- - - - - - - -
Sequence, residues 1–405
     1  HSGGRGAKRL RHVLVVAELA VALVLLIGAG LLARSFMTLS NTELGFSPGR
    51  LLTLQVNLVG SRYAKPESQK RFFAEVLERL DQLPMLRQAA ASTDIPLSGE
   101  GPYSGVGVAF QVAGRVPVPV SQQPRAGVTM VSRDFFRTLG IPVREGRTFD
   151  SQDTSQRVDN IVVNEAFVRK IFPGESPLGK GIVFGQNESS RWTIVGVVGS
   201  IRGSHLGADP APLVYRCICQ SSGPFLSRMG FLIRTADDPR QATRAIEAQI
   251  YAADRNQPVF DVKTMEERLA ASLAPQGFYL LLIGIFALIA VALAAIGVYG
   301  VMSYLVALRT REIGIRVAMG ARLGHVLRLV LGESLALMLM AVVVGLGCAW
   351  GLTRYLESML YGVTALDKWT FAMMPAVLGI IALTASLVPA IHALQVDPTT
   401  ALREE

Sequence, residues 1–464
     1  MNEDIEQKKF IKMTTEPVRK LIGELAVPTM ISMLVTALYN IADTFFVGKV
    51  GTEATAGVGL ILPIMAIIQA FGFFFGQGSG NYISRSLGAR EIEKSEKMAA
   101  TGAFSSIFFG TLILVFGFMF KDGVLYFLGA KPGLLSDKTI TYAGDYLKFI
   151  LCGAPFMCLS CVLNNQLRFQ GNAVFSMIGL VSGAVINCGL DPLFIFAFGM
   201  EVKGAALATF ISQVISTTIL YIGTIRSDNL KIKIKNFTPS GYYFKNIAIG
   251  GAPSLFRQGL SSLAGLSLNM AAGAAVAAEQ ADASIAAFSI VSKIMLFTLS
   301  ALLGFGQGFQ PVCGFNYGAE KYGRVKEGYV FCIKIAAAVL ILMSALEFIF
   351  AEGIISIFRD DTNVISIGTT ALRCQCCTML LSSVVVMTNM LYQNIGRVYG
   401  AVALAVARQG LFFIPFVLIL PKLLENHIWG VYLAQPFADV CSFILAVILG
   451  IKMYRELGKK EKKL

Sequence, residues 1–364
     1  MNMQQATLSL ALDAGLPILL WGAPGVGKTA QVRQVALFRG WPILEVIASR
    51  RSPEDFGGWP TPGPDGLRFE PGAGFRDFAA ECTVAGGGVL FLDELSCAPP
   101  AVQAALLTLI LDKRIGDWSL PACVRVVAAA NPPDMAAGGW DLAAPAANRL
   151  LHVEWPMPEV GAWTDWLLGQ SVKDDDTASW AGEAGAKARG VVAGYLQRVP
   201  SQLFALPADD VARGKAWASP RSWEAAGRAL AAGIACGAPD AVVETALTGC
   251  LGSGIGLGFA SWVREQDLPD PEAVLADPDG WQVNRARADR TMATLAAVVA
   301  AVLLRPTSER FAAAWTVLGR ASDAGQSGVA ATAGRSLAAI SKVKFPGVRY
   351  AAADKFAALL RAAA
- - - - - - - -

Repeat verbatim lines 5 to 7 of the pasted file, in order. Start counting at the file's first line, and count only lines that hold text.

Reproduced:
   151  SQDTSQRVDN IVVNEAFVRK IFPGESPLGK GIVFGQNESS RWTIVGVVGS
   201  IRGSHLGADP APLVYRCICQ SSGPFLSRMG FLIRTADDPR QATRAIEAQI
   251  YAADRNQPVF DVKTMEERLA ASLAPQGFYL LLIGIFALIA VALAAIGVYG